Whetstones rarely break down. Hairline fractures and cracks can occur if the stone is stored incorrectly. It is important to remember that if a stone is not sinkable, it means it is.  

After use:
  • Rinse the stone.
  • Dry it in a towel.
  • Please leave it to dry in an open area with its narrower side.

The stone will dry for more than 24 hours. Even if the surface is dry, moisture may still be absorbed into the stone. Do not place the stone in an enclosed space when wet. Plastic bags or tight boxes are not the right places to store the stone.


I am often asked what the best whetstone is. This is because my job allows me to test a lot of different stones, and I use them all the time for customer sharpening. Because of this, specific stones tend to stand out from others in my personal favorites. 

Over the years, I have learned how to achieve the best results. When the Global G-2 comes through the door, I know exactly which stone to use and how much time it takes to sharpen. Similarly, when a Victorinox appears sharpened, there are more options. 

Both of these examples fall into the so-called easy sharpening category. More complex cases are usually found in the switchblade, survival, or bushcraft sections.  
I could get away with many of the sharpenings with almost any stone I sell. But, strangely, that hand sticks to the familiar and safe stones whose characteristics I have come to know. 

All the whetstones below have a few things in common. They are S&G stones, meaning they require very little water to work. You can start quickly, and there's no need to use a surface-forming stone. Those can be used if you wish. 


This list results from several years of testing and use and is the best combo for my needs. Please note that this may not be the best option for you. However, I bet you would be at least satisfied with these stones.  

GRIT #400

I usually start sharpening a knife in average condition with a 400 grit stone. This ensures a quick set of angles and allows me to repair minor damage with this stone.  

It will come as a surprise to many that 400 is not always a coarse enough stone. If your knife has visible damage or is missing pieces, it's usually best to go even lower. 

My preference for a 400 stone has been obvious for a long time. Although I often test others, this is always the first one that sticks out in my mind: the Naniwa Pro 400.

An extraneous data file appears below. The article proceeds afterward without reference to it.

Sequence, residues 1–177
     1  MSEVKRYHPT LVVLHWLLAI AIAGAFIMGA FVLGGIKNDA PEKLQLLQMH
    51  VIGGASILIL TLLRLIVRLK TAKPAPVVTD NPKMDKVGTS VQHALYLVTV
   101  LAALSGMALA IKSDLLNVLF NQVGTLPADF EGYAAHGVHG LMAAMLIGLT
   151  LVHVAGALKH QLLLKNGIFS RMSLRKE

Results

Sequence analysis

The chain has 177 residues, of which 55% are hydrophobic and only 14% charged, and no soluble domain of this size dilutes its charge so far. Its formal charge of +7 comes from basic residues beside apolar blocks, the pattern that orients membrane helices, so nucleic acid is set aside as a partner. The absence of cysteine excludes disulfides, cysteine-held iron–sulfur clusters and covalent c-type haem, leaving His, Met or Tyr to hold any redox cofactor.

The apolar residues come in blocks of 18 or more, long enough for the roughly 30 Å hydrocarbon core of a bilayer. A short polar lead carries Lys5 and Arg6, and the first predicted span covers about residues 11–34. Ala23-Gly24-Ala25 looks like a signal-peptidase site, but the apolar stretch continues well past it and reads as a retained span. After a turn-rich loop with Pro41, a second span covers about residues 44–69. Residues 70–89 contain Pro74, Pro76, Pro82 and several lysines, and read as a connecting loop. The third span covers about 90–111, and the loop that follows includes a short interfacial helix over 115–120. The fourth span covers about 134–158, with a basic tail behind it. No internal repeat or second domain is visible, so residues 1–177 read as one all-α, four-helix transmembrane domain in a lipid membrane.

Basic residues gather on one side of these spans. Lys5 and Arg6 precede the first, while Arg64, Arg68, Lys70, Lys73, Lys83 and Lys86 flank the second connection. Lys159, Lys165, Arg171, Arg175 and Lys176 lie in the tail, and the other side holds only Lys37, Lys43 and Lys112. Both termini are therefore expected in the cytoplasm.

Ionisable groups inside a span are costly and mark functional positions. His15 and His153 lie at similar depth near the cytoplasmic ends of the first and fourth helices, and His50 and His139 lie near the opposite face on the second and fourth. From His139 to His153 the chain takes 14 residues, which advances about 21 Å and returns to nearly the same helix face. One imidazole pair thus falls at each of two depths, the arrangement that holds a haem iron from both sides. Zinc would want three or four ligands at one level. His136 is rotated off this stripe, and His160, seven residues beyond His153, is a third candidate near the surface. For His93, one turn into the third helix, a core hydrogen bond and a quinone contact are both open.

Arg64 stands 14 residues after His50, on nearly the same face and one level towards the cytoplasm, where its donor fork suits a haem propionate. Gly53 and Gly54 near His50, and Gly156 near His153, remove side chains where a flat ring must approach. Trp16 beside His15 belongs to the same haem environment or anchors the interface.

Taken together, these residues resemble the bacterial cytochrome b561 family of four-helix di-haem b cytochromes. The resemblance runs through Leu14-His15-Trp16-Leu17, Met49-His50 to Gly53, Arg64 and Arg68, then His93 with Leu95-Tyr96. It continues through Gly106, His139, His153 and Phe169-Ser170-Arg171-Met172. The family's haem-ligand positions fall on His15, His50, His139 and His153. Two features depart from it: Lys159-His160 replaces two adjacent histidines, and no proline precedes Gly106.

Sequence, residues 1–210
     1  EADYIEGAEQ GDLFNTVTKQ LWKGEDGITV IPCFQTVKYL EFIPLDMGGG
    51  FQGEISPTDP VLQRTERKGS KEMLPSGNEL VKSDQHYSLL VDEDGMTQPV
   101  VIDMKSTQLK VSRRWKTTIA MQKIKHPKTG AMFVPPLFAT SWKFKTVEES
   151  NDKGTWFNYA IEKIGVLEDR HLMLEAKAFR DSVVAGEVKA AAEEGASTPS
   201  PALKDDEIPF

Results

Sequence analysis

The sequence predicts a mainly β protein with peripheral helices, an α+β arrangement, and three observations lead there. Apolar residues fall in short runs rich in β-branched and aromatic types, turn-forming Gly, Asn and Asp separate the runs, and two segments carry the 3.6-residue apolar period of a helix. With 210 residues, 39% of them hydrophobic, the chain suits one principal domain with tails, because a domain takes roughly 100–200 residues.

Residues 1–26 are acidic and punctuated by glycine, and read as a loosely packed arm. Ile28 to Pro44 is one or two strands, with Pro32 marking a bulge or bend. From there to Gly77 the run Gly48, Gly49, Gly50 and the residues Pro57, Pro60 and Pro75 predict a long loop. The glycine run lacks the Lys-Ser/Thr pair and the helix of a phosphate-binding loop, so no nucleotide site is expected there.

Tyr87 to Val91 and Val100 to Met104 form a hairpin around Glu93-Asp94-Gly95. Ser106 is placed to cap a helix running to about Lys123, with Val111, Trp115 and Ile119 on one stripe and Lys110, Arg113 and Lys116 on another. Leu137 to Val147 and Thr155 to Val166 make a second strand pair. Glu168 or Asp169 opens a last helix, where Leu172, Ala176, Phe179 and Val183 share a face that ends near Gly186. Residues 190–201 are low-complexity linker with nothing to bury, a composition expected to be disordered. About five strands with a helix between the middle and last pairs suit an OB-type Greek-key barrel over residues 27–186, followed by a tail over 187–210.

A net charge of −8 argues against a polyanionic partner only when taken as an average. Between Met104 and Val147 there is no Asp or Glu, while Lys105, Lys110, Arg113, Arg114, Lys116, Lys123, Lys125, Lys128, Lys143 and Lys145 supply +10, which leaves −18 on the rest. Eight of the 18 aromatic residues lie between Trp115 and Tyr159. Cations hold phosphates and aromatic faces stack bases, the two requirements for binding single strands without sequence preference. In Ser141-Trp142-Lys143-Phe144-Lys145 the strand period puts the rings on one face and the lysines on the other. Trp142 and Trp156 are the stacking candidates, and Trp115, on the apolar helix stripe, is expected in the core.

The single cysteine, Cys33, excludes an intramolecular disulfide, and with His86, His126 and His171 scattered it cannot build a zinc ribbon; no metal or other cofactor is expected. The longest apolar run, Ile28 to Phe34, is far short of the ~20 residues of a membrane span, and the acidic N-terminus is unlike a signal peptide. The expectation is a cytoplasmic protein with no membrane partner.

GRIT #800

From this 400 stone, I almost always jump to the Naniwa Pro 800 stone.  For some reason, the Naniwa Pro 800 stone has become the most important stone for me. 

If I had to choose one stone, this would be powerful enough and highly comfortable to use. 

The stone starts working immediately without any extra operations. It also lasts a very long time - I don't even know how many knives I've sharpened, but my stone is still like new. 

GRIT #4000

After this so-called sharpening phase, the finishing begins, and the options for my favorite list become many more. 

Since I intended to pick one stone among many good ones, I ended up with Morihei 4000. 

This stone is at its best when it comes to carbon steel. It's completely different in usability to the Naniwa Pro series and takes a little longer to learn, but once you get the water control right, this is a sweet finisher.  

79.00 €
Available in stock


I level my whetstones before each use. I have several flattening stones, and I also recycle them. This way, I get to know how each flattening works with different whetstones. 

However, the best flattening stone is the Atoma 140 diamond. Its absolute advantage is efficiency, and this rough diamond also acts as an effective knife repairer.  
The base is Naniwa's reliable whetstone holder. I also hone each knife with leather. My personal favorite is the Soft version of my strops. This lovely leather gives just the right amount of response. I don't use pastes or similar when stropping. 

86.00 €
Available in stock
Naniwa Stone Holder
Naniwa Stone Holder
26.00 €
Available in stock
Leather Strop 400x75 'Soft'
Leather Strop 400x75 'Soft'
38.00 €
Available in stock


I go through my favorite whetstones in the video below with more extensive explanations.